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Schwabe and Radio New Zealand Ltd - 2014-011

Members

  • Peter Radich (Chair)
  • Mary Anne Shanahan
  • Leigh Pearson
  • Te Raumawhitu Kupenga

Complainant

  • Paul Schwabe of Auckland

Dated

2nd May 2014

Number

2014-011

Channel/Station

Radio New Zealand National

Broadcaster

Radio New Zealand Ltd


Summary [This summary does not form part of the decision.]

During Arts on Sunday an audio clip from a movie being reviewed was broadcast, in which a character from the movie said ‘frigging’. The Authority declined to uphold the complaint that this low level language breached standards of good taste and decency. It was fleeting and innocuous and broadcast as part of a movie review targeted at adults.

Not Upheld: Good Taste and Decency


Introduction

[1]  The ‘At the Movies’ segment of Arts on Sunday contained audio from the film ‘Thanks for Sharing’, in which one of the characters used the word ‘frigging’, as follows:

Character 1:    I got fired yesterday for filming up my boss’s skirt… I’m out of control and I
                       need help…

Character 2:    I’m going to call you…

Character 1:    I’m gonna frigging answer…

[2]  The audio was broadcast twice during the segment, which aired on Radio New Zealand National on 17 November 2013.

[3]  Paul Schwabe made a formal complaint to Radio New Zealand Ltd, alleging that ‘frigging’ was ‘offensive, vulgar slang specifically equating to the “fucking” word’.

[4]  The issue is whether the broadcast breached the good taste and decency standard, as set out in the Radio Code of Broadcasting Practice.

[5]   The members of the Authority have listened to a recording of the broadcast complained about and have read the correspondence listed in the Appendix.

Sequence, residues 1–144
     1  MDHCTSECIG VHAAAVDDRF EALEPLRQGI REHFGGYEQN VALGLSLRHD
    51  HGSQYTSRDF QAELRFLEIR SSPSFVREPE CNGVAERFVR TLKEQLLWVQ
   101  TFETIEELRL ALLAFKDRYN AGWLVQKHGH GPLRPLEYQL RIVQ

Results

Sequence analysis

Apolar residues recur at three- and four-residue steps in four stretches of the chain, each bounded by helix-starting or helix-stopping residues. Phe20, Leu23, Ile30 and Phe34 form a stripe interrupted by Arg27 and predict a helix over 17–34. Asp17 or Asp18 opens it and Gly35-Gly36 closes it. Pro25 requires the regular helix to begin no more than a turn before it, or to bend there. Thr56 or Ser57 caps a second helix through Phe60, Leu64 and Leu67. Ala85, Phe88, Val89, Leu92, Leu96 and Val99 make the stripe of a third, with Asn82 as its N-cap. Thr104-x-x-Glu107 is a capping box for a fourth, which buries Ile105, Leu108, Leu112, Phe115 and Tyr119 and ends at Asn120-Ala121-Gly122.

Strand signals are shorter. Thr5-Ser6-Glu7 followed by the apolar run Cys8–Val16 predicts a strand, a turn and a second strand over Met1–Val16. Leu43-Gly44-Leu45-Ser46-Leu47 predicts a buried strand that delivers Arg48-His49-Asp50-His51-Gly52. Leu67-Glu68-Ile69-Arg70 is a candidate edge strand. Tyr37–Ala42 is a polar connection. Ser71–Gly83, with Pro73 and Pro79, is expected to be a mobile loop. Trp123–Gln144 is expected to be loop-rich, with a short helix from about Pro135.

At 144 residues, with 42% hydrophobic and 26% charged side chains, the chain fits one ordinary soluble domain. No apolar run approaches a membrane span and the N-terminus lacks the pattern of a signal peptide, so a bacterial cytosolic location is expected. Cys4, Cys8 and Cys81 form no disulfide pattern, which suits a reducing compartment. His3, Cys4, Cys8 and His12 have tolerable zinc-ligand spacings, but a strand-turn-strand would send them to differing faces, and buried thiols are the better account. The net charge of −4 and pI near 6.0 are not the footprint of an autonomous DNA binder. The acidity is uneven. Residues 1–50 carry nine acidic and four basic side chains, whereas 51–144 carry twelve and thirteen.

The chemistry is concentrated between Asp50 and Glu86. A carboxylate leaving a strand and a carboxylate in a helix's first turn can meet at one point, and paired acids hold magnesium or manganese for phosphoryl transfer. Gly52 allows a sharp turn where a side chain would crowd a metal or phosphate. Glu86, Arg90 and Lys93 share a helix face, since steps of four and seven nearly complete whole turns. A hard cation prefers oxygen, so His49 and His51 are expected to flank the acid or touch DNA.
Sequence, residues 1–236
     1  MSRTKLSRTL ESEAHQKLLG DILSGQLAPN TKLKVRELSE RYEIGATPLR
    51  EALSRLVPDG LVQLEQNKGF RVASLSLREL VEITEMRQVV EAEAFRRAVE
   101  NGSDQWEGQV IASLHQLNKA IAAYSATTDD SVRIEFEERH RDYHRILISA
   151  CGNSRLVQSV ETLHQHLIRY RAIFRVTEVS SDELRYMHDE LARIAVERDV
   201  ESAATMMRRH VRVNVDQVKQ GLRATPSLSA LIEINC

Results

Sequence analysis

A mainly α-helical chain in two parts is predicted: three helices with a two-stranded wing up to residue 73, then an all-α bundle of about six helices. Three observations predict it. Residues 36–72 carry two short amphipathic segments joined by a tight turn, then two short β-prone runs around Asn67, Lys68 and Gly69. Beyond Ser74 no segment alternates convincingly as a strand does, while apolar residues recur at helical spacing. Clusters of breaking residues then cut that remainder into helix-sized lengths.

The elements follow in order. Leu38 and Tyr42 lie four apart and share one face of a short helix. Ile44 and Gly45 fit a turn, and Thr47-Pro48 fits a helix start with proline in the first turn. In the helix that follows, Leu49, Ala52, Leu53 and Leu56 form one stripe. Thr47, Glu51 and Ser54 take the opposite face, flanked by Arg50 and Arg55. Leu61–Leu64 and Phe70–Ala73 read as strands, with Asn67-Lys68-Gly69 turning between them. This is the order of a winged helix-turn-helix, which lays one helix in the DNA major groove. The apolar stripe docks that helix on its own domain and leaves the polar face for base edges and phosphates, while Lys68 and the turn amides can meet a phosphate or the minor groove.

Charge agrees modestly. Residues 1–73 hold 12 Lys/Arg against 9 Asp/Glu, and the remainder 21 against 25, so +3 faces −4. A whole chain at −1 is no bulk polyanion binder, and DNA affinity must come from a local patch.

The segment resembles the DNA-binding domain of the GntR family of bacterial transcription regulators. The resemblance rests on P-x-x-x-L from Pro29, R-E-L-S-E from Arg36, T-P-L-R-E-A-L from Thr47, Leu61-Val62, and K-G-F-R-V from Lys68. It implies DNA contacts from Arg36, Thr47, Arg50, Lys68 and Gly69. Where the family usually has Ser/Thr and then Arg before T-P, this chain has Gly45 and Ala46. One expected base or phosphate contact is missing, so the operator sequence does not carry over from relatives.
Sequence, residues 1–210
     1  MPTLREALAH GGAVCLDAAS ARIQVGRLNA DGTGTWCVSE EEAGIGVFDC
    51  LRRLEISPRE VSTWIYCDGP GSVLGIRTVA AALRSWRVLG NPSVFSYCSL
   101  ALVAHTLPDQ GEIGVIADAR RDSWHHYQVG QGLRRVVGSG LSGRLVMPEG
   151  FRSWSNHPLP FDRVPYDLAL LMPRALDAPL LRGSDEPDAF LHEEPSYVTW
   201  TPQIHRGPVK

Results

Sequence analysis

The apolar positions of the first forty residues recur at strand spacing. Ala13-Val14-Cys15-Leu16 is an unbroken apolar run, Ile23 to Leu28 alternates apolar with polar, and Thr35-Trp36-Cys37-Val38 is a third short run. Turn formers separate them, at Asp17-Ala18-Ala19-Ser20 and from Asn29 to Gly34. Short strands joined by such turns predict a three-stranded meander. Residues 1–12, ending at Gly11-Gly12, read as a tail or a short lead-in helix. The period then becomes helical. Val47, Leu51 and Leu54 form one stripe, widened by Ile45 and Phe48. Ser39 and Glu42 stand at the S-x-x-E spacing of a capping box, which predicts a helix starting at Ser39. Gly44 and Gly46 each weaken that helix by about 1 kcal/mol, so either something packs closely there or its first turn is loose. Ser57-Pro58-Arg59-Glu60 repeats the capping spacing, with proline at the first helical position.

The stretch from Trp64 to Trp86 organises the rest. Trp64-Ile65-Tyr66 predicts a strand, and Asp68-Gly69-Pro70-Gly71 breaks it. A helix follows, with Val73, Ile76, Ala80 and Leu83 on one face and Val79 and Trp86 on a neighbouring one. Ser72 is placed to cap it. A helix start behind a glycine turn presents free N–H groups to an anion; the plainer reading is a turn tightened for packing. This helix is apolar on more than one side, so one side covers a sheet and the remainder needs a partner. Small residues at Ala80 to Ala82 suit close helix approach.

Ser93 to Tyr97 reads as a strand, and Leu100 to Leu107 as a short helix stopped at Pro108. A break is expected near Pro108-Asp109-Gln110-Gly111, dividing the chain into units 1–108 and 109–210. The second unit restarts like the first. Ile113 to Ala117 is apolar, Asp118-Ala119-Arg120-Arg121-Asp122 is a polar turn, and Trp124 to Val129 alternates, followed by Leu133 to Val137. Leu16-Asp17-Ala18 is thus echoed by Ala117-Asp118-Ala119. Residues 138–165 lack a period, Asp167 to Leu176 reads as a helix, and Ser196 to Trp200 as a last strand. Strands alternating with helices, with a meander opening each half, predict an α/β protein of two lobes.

Did the broadcast threaten current norms of good taste and decency?

[6]  The good taste and decency standard is primarily aimed at broadcasts containing sexual material, nudity, coarse language or violence.1 The Authority will also consider the standard in relation to any broadcast that portrays or discusses material in a way that is likely to cause offence or distress.2

[7]  The use of the term ‘frigging’ in the item did not threaten current norms of good taste and decency when taken in context. The language was at the lower end of the scale in terms of its offensiveness, and it formed part of a fleeting and innocuous exchange in an audio clip from a movie under review. The slang term is used precisely because it is considered to be a less offensive substitute for ‘fucking’.

[8]  We note that Mr Schwabe has repeatedly complained to this Authority about words at the low end on the spectrum of offensiveness,3 and in declining to uphold this complaint we remind him that such language is unlikely to threaten current norms of good taste and decency in breach of the standard, especially in programmes targeted at adults.

 

For the above reasons the Authority declines to uphold the complaint.

Signed for and on behalf of the Authority

 

Peter Radich
Chair
2 May 2014

Appendix

The correspondence listed below was received and considered by the Authority when it determined this complaint:

1                  Paul Schwabe’s formal complaint – 4 December 2013

2                 RNZ’s response to the complaint – 8 January 2014

3                 Mr Schwabe’s referral to the Authority – 31 January 2014

4                 RNZ’s response to the Authority – 27 February 2014


1Turner and Television New Zealand Ltd, Decision No. 2008-112

2Practice Note: Good Taste and Decency (Broadcasting Standards Authority, November 2006)

3For example, Schwabe and Television New Zealand Ltd, Decision No. 2011-084; Schwabe and Television New Zealand Ltd, Decision No. 2011-076; Schwabe and Television New Zealand Ltd, Decision No. 2011-041